José Guadalupe Posada (1852-1913) was a Mexican Printmaker and illustrator known for his satirical and socio-political prints and cartoons. His more critical work shows us the social injustices and inequality during the Porfiriato (1876-1911) but also he illustrated with mastery the spirit and everyday life of the Mexican People. One of his well-known satirical prints is “La Calavera Garbancera or La Catrina”, a print that has become an icon during the celebration of el Día de Muertos / Day of the Dead.
In this presentation Barberena will be talking about Posada’s legacy and how his social-political work has influenced artists in Mexico and Latin American artists until this day.
Join Claudia Montes Salinas from the Indianapolis Public Library as she reads Día de Los Muertos by Roseanne Greenfield Thong, illustrated by Carles Ballesteros. Día de los Muertos blends Spanish words as readers learn the importance and significance Día de Los Muertos. Learn about the services the Indianapolis Public Library has to offer to our Indianapolis community.
This concert is inspired by songs from the Golden Age of Mexican music, especially the bolero genre that were composed by Mexican women as well as other pieces that although they were composed by men, were made famous by great female performers.
Este concierto está inspirado en canciones de la Época de Oro de la música mexicana. , en especial del género bolero que fueron compuestas por mujeres mexicanas así como otras piezas que aunque fueron compuestas por hombres, fueron hechas famosas por grandes intérpretes femeninas.
Chawuk’s installation deals with the terrible rate of femicide in Mexico. Femicide, or “feminicido” in Spanish, is the murder of a woman because of her gender. 3,835 women were murdered in Mexico in 1999, one of the world’s highest totals.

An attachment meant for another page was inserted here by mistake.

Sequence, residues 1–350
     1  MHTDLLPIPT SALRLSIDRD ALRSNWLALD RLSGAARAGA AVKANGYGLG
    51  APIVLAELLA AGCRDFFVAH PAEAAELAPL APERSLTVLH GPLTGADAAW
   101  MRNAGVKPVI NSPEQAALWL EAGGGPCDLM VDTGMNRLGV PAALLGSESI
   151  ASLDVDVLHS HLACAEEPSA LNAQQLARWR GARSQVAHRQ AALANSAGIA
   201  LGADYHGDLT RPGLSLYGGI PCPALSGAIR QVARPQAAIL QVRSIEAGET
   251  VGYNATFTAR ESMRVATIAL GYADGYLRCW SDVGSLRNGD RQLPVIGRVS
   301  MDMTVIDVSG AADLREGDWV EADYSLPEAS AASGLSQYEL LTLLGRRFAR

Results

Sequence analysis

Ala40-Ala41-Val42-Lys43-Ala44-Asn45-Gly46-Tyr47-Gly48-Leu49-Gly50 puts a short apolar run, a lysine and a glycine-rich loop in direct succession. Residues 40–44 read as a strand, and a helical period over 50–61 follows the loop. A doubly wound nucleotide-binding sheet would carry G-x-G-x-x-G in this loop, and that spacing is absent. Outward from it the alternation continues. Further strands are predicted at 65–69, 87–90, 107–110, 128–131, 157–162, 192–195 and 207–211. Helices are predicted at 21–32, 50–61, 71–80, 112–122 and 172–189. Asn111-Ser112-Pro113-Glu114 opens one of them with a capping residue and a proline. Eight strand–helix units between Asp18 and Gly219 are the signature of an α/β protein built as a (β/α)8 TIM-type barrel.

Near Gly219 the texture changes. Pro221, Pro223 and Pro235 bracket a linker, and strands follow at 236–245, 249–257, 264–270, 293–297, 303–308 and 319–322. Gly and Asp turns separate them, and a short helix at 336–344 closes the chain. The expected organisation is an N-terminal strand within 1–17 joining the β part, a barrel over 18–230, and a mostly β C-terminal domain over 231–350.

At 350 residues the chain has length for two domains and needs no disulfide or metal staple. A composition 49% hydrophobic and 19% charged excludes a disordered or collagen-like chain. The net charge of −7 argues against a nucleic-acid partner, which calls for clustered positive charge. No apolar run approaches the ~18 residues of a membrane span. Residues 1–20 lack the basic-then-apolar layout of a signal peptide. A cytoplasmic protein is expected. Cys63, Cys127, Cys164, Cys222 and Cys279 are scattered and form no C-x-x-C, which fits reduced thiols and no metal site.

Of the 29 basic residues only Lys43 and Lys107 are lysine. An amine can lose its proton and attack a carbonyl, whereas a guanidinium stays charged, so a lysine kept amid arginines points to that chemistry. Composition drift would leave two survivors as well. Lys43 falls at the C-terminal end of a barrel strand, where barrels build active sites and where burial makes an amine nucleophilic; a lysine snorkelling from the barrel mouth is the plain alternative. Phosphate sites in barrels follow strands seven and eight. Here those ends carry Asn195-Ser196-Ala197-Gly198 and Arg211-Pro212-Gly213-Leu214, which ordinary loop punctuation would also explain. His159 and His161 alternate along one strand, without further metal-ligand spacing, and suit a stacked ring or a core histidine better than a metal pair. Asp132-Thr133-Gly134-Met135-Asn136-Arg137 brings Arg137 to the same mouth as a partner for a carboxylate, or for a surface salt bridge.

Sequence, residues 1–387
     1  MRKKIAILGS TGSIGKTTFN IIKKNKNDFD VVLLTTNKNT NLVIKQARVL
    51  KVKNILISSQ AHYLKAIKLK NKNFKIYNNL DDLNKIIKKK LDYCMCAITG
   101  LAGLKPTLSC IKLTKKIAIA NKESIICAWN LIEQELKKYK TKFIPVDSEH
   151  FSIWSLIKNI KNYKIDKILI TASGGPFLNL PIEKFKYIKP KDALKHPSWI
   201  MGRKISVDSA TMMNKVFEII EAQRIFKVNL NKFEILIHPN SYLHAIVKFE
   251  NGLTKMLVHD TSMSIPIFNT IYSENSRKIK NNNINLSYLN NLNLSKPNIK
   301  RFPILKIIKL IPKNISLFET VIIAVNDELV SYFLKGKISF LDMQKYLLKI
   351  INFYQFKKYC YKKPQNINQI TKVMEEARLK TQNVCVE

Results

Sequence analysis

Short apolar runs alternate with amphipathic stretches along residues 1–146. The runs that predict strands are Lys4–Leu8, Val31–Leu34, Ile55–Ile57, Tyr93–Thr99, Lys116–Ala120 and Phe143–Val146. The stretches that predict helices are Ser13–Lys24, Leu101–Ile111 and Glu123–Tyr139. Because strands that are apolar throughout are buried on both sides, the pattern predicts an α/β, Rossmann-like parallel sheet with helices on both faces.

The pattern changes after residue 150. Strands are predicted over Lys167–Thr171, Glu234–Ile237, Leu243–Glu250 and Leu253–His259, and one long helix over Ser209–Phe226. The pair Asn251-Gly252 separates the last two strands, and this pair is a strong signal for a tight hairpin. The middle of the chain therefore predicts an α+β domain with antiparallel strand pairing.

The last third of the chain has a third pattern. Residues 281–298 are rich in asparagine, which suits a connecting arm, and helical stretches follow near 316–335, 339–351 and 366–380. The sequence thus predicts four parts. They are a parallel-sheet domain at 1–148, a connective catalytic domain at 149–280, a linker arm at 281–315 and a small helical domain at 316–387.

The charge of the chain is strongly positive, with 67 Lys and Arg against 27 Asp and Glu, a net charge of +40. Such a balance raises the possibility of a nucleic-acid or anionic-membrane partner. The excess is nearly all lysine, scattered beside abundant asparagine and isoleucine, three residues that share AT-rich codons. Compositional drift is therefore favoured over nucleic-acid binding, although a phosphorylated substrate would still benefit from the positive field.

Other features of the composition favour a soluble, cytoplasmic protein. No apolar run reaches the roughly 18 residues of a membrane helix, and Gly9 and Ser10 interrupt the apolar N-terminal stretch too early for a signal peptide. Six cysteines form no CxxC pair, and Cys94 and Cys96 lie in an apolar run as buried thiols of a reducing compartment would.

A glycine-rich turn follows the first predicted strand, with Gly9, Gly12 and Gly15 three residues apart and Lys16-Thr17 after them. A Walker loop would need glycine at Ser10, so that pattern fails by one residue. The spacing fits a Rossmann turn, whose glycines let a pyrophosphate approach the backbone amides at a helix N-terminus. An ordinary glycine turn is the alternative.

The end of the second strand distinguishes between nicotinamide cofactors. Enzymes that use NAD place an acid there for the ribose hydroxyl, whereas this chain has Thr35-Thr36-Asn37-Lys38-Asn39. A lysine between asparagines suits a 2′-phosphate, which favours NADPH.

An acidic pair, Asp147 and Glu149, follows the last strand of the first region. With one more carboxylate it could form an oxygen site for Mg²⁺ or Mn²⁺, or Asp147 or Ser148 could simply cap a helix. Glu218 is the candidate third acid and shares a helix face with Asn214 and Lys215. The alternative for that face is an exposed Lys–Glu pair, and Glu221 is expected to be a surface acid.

Mexican artist Janette Terrazas Islas a.k.a. Mustang Jane will discuss her approach to the intersection between art, activism and the struggle for the rights of women and the environment from the border context. The purpose is to create a dialogue with the Indianapolis community to get closer to understanding gender-based violence, human/environmental exploitation perpetuated by a structure of economic domination as neoliberalism, and its consequences on the border of Ciudad Juarez Mexico.
The intention is to address how the politics of death have functioned as an instrument of domination-extermination-dispossession especially of the most vulnerable groups, women and the environment.
Sugar skull artist Graciela Caro creates traditional authentic handmade sugar skulls like the ones found in the markets of Mexico City. Each sugar skull represents a loved one on the altar of the Day of the Dead Celebration. Join Graciela and learn more about this delicious tradition.